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WASHINGTON – The Obama administration said Wednesday night that it will give Americans who buy health insurance through new online marketplaces an extra six weeks to obtain coverage before they risk a penalty.

The announcement means that those who buy coverage through the exchange will have until March 31 to sign up for a plan, according to an official with the Department of Health and Human Services.

Obama administration officials said the new deadline is unrelated to the many technical problems that the marketplace’s website, HealthCare.gov, has had in its first three weeks of operation. Instead, they said, the move is designed to clear up confusion about when people would face a penalty under the 2010 health care law.

Under the law, most Americans are required to have insurance by Jan. 1, although the open-enrollment period for the federal exchange and state ones runs through the end of March. The fines begin after a three-month grace period. The question has been whether people must be covered by March 31 or merely have signed up by then – because health policies typically don’t start right away.

The administration made clear Wednesday night that people who buy coverage at any point during the open-enrollment period will not pay a penalty.

It is the latest sign that the Affordable Care Act remains a moving target, even after the federal insurance marketplace has faced myriad problems that have frustrated many people trying to sign up for coverage.

Contractors and others have begun assigning blame for the website troubles, and the fault-finding will get its most extensive public airing today, when four of the contractors involved in the project will testify before the House Energy and Commerce Committee.

In the written testimony submitted to the panel in advance, CGI Federal, the main contractor on the project, takes partial blame for the site’s shortcomings. But it also notes that the Centers for Medicare and Medicaid Services, or CMS, an agency within HHS, was the “ultimate responsible party for the end-to-end performance” of the site. And it blames a piece created by another contractor, Quality Software Services, or QSSI, for creating the initial bottleneck.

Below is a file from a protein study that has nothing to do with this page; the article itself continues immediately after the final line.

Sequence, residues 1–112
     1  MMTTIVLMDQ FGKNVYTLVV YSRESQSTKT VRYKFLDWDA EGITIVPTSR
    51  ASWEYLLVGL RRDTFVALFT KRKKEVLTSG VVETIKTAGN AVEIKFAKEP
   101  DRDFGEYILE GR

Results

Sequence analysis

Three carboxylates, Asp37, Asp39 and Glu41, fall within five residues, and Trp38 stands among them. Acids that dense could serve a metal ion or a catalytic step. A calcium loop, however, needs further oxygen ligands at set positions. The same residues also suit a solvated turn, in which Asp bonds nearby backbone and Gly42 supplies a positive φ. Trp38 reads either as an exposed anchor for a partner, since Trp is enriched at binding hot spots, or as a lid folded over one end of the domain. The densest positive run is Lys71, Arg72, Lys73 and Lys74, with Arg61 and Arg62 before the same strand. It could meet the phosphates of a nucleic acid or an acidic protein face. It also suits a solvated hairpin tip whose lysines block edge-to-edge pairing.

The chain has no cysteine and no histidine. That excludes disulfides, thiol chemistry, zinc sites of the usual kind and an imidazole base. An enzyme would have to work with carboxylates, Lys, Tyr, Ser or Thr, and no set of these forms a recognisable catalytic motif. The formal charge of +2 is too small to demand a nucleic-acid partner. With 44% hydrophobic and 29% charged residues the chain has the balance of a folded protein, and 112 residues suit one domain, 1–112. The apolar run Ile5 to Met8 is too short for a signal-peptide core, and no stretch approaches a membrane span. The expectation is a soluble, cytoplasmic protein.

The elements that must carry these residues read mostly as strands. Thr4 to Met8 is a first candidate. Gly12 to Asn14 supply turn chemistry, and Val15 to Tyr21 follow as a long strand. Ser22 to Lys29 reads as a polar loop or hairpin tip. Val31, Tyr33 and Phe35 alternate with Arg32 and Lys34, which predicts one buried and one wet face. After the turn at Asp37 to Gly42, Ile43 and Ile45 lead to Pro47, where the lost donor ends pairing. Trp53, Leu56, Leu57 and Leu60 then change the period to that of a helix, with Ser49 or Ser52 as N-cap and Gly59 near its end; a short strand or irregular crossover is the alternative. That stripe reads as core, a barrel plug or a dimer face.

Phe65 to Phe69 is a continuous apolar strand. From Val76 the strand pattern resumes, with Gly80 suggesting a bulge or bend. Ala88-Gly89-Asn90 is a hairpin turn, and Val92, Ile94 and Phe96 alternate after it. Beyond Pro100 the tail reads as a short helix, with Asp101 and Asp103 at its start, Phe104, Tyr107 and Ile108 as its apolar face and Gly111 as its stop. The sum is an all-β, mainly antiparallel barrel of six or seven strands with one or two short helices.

The hearing is the first of many planned by Republicans, who are expected not only to question the contractors but also to examine the administration’s management of the project. Wednesday, top Obama advisers met with insurance executives to discuss system repairs.

There have been inconsistencies about how and when the decision was made to scrap a key feature of the website, with QSSI telling congressional investigators that it did not know about the major change until the site’s launch. But in the written testimony the company plans to deliver today, it says that it found out shortly before the rollout date.

Republicans have been eager to learn more about how and when the decision was made to end that feature. The feature would have allowed people to browse plans and rates before signing up for an account. Technology experts have said the last-minute decision to stop it put too much pressure on a different tool that was set up to handle a small number of simultaneous users, crashing the site.

People familiar with the project give conflicting accounts of the reason for the move. The decision was made at a two-day meeting in late September to which CMS invited all its major contractors. According to one person familiar with the project, CGI gave a presentation that convinced CMS officials that the shopping feature was not ready.

Another person close to the project had a slightly different account, saying that it believed that the feature was, in fact, ready.

Republican lawmakers have alleged that the Obama administration made the change to hide the cost of insurance plans from consumers. “Evidence is mounting that political considerations motivated the decision,” said a letter sent to two administration officials Tuesday from members of the House Oversight and Government Reform Committee.